Nicole:Good question! Meditation and mindfulness skills are a huge part of my professional practice largely because they are a huge part of my personal practice. I’m someone who operates a few steps ahead of the present moment, which definitely contributes to stress and anxiety. I work on my “mindful muscle” by setting aside about 20 minutes a day to meditate. When I consistently practice, I find myself better able to recognize when my mind starts to wander, and I feel more in control about where I want to put my attention. I can actually tell the difference when I’ve stopped meditating for a while!
I really love this one alleged Mark Twain quote, “I have been through some terrible things in my life, some of which actually happened.” A lot of what stresses me out consists of scenarios I create in my mind, most of which will probably never happen. Practicing mindfulness helps me to slow down and watch my thoughts instead of getting tangled up in them or trying to push them away. When I can watch my thoughts more objectively, I’m better able to see the thoughts as what they are, putting me in a better position to effectively deal with them.
James: Do you have any tips for those of us who are struggling with the same issues?
Nicole:We can’t always control the stressors that hit us, so we’re going to have times when we’re anxious and sad, and that’s okay. If we treat the mind like we often treat the body – by taking care of it preventatively- we’ll be in a better place to handle stress and anxiety when it inevitably hits.
In addition to what I mentioned above, I cannot stress enough the importance of self-care. People often feel guilty when they set aside time for themselves, feeling like self-care is an indulgent activity. But as I tell my clients, you need to put on your own oxygen mask before you can effectively help those around you. We are so caught up in being good at the many “roles” we embody (employee, partner, parent, child, friend, etc.) that we can often lose sight of our true selves. My advice: set aside time to do something you love. Find an activity you feel immersed and engaged in, so you can shed the roles you carry around all day and just be you. For me, that’s taking a dance class. While I don’t think everyone needs to join a dance class to feel this way, everyone should find their own outlet- some physical activity, creative endeavor, or even a childhood hobby that you’ve buried or forgotten about.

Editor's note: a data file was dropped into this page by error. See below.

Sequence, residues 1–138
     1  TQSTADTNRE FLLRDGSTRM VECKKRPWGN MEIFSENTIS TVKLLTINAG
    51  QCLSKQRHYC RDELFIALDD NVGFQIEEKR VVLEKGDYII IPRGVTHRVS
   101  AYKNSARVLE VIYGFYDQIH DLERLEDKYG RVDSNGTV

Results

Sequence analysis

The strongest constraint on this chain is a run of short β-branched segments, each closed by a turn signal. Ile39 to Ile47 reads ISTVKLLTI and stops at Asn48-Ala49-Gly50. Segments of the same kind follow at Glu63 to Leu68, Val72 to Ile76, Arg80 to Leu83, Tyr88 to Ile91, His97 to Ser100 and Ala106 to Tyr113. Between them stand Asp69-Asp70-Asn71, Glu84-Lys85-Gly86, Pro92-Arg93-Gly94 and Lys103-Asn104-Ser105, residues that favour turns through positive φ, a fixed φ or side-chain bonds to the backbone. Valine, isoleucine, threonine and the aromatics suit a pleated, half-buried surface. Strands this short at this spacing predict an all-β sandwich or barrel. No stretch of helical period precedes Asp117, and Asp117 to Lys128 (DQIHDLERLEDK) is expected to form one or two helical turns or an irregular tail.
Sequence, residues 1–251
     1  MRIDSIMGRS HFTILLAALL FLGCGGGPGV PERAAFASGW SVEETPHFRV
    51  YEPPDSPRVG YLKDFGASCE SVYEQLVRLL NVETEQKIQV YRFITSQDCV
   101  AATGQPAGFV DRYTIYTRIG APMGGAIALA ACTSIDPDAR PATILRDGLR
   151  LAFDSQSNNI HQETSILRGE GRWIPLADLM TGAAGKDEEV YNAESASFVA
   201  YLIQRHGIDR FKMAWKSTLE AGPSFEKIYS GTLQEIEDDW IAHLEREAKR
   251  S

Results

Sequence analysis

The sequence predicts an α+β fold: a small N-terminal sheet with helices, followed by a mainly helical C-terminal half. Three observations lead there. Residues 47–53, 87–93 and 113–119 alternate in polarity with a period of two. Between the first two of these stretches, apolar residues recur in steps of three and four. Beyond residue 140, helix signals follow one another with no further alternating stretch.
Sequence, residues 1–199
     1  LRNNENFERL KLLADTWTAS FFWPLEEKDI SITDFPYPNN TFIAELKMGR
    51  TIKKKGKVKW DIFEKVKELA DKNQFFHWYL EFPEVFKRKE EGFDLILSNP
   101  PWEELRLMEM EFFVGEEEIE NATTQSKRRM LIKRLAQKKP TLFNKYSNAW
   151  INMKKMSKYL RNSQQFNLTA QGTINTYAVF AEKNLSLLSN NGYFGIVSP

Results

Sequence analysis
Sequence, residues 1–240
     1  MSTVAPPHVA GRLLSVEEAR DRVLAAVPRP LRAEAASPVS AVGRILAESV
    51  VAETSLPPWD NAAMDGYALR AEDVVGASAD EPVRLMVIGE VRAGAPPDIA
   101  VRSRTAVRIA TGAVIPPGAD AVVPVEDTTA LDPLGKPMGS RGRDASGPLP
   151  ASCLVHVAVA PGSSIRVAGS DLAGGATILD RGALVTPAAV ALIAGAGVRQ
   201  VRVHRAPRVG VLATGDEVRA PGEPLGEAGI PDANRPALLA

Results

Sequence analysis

James: You often talk about mindfulness and being in the body, why is that stuff so important?
Nicole:Technology is becoming so integrated into our everyday lives that it’s hard to separate experienced reality from virtual reality. While we are physically present, our minds are everywhere but. We are busy wishing things were another way, or comparing our lives to the people on social media, or dwelling on that awkward conversation, or worrying about getting everything done. It’s a shame, because what’s happening is that we are missing out on experiencing life as it is right now. When we overlook the nuances of our daily lives our life becomes less rich, and we lose appreciation for what we already have. Being in the body is a way to know you are present, and being present and engaged- with your surroundings, with a task, with loved ones- is what life is all about.
James: This is off topic but still very important! What would you do if you weren’t a therapist?
Nicole: When I was five years old, I confidently asserted to my kindergarten class that I would be a marine biologist when I grew up. While I don’t think I’ve ever considered the actual steps required to be a marine biologist (I am not a huge fan of swimming or salt water), my childhood interest in marine life still endures. I am a huge aquarium aFISHionado 🙂
This fall Nicole is running a Coping with Stress through Mindfulness and Cognitive-Behavioral based Practices. Email firstname.lastname@example.org for more information.
To learn more about what KIP’s new CBT division has to offer, check out our page at www.kiptherapy.com/cbt!